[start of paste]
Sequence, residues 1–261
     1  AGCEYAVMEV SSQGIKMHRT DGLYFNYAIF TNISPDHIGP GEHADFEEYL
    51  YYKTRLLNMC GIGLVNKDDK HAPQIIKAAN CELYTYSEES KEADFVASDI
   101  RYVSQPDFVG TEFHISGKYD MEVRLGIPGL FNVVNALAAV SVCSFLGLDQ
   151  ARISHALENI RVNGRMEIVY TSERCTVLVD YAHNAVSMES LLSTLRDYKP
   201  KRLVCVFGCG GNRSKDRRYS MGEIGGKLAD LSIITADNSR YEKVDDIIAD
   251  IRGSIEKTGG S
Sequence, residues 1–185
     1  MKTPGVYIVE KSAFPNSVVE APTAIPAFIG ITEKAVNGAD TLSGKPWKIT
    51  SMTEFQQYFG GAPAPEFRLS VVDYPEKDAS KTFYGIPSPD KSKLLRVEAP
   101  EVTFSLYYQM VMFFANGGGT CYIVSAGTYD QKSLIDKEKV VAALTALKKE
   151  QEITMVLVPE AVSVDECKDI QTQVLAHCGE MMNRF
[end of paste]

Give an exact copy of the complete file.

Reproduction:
Sequence, residues 1–261
     1  AGCEYAVMEV SSQGIKMHRT DGLYFNYAIF TNISPDHIGP GEHADFEEYL
    51  YYKTRLLNMC GIGLVNKDDK HAPQIIKAAN CELYTYSEES KEADFVASDI
   101  RYVSQPDFVG TEFHISGKYD MEVRLGIPGL FNVVNALAAV SVCSFLGLDQ
   151  ARISHALENI RVNGRMEIVY TSERCTVLVD YAHNAVSMES LLSTLRDYKP
   201  KRLVCVFGCG GNRSKDRRYS MGEIGGKLAD LSIITADNSR YEKVDDIIAD
   251  IRGSIEKTGG S
Sequence, residues 1–185
     1  MKTPGVYIVE KSAFPNSVVE APTAIPAFIG ITEKAVNGAD TLSGKPWKIT
    51  SMTEFQQYFG GAPAPEFRLS VVDYPEKDAS KTFYGIPSPD KSKLLRVEAP
   101  EVTFSLYYQM VMFFANGGGT CYIVSAGTYD QKSLIDKEKV VAALTALKKE
   151  QEITMVLVPE AVSVDECKDI QTQVLAHCGE MMNRF